The symptoms of food poisoning can develop rapidly when the stomach itself is affected, or more slowly, even over days or weeks when the effect is more systemic. The most common symptoms are nausea, vomiting, diarrhea, and abdominal cramping. Many cases of food poisoning runs their courses in 24–48 hours, but some can be more serious, even life-threatening.
Viruses account for most food poisoning cases. Here are the most common viral causes of food poisoning. The Norwalk virus is trasnmitted from person to person as well as from water, shellfish, and vegetables contaminated by feces. It is the most common viral cause of adult food poisoning. Rotavirus is the most common cause of food poisoning in infants and children. It is transmitted from person to person by fecal contamination of food and in the case of children through shared play areas. Hepatitis A (“Hep A”) causes a mild illness with jaundice (yellowing of the eyes and skin). It is transmitted from person to person by fecal contamination of food and it can also be transmitted by blood exchange with, for example, use of contaminated needles.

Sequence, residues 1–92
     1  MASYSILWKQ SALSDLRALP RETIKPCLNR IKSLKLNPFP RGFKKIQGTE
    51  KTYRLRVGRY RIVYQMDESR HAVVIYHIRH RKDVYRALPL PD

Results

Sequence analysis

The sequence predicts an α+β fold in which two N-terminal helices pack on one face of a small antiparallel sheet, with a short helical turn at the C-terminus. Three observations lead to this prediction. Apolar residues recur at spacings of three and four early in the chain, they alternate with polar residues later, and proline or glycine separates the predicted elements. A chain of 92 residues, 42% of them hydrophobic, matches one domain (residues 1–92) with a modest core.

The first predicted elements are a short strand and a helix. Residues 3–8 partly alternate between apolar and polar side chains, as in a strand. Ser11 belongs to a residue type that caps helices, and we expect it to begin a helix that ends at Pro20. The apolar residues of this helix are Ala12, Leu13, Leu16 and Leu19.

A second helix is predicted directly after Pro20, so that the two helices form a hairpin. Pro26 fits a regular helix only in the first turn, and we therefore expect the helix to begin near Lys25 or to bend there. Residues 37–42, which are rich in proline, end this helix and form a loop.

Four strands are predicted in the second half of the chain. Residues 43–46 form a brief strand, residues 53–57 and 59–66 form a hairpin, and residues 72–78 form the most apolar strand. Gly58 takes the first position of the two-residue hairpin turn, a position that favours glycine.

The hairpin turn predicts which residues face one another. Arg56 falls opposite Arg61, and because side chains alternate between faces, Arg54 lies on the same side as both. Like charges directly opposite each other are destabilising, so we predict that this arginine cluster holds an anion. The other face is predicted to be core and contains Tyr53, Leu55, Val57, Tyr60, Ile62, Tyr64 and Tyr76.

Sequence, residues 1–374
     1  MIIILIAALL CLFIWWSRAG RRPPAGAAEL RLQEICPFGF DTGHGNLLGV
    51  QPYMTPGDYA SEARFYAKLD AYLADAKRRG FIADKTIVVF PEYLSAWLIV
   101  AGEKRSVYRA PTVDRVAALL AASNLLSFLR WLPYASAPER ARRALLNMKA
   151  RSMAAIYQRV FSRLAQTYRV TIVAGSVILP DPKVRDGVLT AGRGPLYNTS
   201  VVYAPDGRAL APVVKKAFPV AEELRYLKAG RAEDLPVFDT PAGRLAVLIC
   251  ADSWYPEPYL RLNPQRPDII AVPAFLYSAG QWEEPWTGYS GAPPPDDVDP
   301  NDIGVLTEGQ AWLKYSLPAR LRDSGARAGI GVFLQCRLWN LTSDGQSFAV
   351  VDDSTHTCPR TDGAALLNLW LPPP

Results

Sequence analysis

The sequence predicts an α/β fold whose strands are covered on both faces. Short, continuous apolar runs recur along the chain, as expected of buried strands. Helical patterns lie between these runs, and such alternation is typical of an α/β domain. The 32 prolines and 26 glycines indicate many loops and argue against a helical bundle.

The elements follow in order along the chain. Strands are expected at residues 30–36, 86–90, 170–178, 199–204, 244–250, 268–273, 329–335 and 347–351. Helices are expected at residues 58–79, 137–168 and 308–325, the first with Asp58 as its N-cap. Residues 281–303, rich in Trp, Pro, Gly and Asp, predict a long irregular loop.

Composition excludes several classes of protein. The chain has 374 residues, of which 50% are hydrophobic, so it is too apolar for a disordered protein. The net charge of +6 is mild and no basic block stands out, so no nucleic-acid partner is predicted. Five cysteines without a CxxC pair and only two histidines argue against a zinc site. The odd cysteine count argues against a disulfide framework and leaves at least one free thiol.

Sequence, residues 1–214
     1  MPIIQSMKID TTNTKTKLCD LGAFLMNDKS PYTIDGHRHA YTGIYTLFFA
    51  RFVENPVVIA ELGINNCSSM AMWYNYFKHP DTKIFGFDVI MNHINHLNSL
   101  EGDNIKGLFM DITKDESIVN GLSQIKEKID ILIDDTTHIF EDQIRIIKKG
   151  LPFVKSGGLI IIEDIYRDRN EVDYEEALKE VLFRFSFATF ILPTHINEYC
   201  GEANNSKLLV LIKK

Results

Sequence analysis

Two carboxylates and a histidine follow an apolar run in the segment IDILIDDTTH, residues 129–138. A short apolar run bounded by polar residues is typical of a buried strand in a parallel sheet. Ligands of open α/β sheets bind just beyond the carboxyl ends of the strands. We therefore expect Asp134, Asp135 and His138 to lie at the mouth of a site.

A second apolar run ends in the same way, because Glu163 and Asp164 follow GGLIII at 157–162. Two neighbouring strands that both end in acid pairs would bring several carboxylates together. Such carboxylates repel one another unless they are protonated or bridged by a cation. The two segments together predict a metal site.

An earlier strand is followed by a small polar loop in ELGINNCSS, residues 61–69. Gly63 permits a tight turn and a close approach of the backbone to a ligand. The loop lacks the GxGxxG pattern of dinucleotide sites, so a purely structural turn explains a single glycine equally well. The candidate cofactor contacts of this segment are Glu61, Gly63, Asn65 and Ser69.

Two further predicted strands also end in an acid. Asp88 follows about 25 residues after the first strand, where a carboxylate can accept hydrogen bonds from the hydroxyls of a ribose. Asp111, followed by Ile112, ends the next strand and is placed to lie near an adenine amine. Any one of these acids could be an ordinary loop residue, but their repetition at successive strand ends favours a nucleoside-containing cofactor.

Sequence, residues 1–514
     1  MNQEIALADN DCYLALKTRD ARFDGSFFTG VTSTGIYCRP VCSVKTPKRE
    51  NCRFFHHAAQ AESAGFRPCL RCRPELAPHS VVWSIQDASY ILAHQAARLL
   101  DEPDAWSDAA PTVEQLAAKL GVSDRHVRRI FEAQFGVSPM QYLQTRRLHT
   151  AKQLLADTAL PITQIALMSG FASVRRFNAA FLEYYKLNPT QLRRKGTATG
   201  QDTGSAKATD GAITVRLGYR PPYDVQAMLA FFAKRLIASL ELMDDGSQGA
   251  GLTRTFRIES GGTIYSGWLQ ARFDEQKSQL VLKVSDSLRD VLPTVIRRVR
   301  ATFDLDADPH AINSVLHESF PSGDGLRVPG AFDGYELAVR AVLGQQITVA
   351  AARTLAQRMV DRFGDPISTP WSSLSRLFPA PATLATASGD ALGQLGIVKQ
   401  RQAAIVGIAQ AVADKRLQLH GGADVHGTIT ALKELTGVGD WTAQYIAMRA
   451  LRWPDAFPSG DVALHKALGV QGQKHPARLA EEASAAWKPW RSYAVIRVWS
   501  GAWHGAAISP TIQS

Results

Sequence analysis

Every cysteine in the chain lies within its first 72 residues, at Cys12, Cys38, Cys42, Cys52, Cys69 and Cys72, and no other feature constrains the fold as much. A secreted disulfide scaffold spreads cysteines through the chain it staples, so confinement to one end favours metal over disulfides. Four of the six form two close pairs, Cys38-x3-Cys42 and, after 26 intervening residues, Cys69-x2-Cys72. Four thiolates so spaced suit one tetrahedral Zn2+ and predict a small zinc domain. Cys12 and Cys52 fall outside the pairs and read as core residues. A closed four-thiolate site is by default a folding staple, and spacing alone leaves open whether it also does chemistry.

Bacteria can cause food poisoning by two different ways. Some bacteria infect the intestines causing inflammation and problems with normal absorption of food and accumulation of water. This leads to diarrhea. Other bacteria produce toxins that are poisonous to the human digestive system. When ingested, these chemicals can lead to nausea and vomiting, kidney failure, and even death. Campylobacter is the world’s most most commonly identified food–borne bacterial infection. It is transmitted by water contaminated by animal feces raw poultry, and raw milk. Salmonellae is often referred to as salmonelosis. Salmonellae may recur in a few weeks later as arthritic joint pains. In people with impaired immune systems, Salmonellae can cause a life–threatening illness and is transmitted through undercooked foods such as eggs, seafood, dairy products, and poultry. Staphylococcus aureus is transmitted in foods such as cream–filled cakes and pies, salads (potato, macaroni, egg, and tuna salads, for example) and dairy products. Contaminated potato salad at a picnic is a classic and occurs when the food is not chilled properly. Bacillus cereus is associated with rice (mainly fried rice) and other starchy foods such as pasta or potatoes. It may also be used as a terrorist weapon. Eschericia coli (E. coli) causes large amounts of watery diarrhea and then turns into bloody diarrhea. There are many different types of this bacterium but the worst strain can cause kidney failure and death (about 3–5% of all cases). It is transmitted by eating raw or undercooked hamburger, unpasteurized milk or juices, contaminated well water, or contaminated produce. Shigella which is know as traveler’s diarrhea, can cause diarrhea containing blood or mucus or both, and the constant urge to have bowel movements. It is transmitted in water polluted with human wastes. Clostridium botulinum (botulism) begins as blurred vision followed by problems talking and overall weakness. Symptoms then progress to breathing difficulty and inability to move arms or legs. Infants and young children are particularly at risk. It is transmitted in foods such as home–packed canned goods, honey, sausages, and seafood. Vibrio cholerae strikes mostly in the warmer months of the year and is transmitted by infected, undercooked, or raw seafood.